You’ve turned your pickle into a battery! Here’s how it works:
Pickles contain salt water, which is rich in charged particles called ions. The aluminum and the graphite react with these ions, setting off an electrical tug-of-war between the two materials. The material with the stronger pull—aluminum—takes electrons away from the graphite, triggering a flow of electrons around the circuit. This current powers the buzzer.
Most common batteries—such as your car battery and the batteries inside your flashlight—work on the same principle that your pickle battery works on: They use two metals suspended in an ion-rich liquid or paste to separate electric charge, and create an electrical current around a circuit.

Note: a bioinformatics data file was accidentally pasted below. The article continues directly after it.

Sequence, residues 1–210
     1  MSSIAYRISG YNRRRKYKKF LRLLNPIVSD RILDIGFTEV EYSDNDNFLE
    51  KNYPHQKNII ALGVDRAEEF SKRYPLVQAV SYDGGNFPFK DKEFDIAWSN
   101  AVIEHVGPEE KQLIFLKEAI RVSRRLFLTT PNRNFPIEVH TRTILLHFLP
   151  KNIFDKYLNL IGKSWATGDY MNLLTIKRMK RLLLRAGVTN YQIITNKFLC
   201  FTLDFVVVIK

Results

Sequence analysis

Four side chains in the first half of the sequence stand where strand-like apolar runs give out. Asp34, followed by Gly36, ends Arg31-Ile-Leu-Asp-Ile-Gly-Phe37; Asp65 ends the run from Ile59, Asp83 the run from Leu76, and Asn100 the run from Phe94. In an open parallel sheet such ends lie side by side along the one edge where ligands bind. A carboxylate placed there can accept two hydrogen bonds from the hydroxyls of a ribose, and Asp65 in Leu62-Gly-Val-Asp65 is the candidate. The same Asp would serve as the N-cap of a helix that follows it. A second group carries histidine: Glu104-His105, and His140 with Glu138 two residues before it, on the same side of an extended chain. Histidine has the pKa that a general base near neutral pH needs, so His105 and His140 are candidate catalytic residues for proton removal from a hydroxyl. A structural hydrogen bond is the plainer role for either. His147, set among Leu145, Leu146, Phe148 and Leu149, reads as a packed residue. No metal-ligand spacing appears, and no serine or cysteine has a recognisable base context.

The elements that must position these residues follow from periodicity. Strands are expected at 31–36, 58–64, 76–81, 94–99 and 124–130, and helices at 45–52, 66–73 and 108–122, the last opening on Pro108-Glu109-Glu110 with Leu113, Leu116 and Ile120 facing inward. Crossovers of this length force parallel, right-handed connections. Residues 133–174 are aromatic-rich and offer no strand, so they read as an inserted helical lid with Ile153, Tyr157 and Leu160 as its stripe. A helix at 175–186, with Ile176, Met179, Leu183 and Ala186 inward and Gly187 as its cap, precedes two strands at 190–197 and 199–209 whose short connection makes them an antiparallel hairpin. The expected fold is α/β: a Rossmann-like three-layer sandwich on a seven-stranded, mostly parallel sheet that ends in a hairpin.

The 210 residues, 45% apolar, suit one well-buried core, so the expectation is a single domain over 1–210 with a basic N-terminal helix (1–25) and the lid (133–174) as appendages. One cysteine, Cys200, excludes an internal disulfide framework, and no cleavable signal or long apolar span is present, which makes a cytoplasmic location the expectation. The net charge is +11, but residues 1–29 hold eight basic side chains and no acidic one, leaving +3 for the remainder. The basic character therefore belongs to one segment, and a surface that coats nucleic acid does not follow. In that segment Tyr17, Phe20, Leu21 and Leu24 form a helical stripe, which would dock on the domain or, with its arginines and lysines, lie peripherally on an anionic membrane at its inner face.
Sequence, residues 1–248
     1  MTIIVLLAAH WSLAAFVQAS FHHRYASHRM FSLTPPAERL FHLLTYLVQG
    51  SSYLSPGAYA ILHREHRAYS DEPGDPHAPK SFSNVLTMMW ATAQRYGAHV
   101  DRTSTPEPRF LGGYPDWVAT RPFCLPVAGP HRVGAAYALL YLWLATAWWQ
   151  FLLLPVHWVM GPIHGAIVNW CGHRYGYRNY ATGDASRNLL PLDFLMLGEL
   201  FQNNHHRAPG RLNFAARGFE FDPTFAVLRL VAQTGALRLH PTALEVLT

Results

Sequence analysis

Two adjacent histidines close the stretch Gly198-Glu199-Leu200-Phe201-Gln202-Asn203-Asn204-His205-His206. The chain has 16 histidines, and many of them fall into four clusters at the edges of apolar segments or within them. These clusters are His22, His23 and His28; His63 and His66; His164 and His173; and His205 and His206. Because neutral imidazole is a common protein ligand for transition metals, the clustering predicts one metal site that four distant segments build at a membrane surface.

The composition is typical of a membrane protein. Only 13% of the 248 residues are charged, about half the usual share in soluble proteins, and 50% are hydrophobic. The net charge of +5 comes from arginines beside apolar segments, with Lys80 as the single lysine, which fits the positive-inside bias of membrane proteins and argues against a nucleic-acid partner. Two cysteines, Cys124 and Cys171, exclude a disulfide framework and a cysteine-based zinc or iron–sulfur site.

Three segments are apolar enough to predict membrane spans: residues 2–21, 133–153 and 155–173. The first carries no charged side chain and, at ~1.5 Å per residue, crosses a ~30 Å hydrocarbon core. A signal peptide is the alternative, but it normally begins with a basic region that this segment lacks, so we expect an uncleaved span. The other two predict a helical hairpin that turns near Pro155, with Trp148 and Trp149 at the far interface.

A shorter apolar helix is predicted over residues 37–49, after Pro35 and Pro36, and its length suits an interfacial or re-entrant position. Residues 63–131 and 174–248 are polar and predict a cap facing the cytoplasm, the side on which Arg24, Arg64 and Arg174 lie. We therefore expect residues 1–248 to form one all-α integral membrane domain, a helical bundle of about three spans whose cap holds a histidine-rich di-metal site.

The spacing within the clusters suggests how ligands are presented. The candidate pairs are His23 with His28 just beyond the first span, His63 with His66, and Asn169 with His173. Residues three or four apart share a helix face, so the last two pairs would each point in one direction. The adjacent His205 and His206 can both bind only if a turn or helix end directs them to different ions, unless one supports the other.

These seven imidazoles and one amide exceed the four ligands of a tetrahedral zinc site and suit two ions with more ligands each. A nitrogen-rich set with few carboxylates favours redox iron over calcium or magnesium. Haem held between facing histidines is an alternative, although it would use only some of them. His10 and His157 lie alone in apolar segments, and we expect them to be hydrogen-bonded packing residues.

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Stop breadboarding and soldering – start making immediately! Adafruit’s Circuit Playground is jam-packed with LEDs, sensors, buttons, alligator clip pads and more. Build projects with Circuit Playground in a few minutes with the drag-and-drop MakeCode programming site, learn computer science using the CS Discoveries class on code.org, jump into CircuitPython to learn Python and hardware together, TinyGO, or even use the Arduino IDE. Circuit Playground Express is the newest and best Circuit Playground board, with support for CircuitPython, MakeCode, and Arduino. It has a powerful processor, 10 NeoPixels, mini speaker, InfraRed receive and transmit, two buttons, a switch, 14 alligator clip pads, and lots of sensors: capacitive touch, IR proximity, temperature, light, motion and sound. A whole wide world of electronics and coding is waiting for you, and it fits in the palm of your hand.
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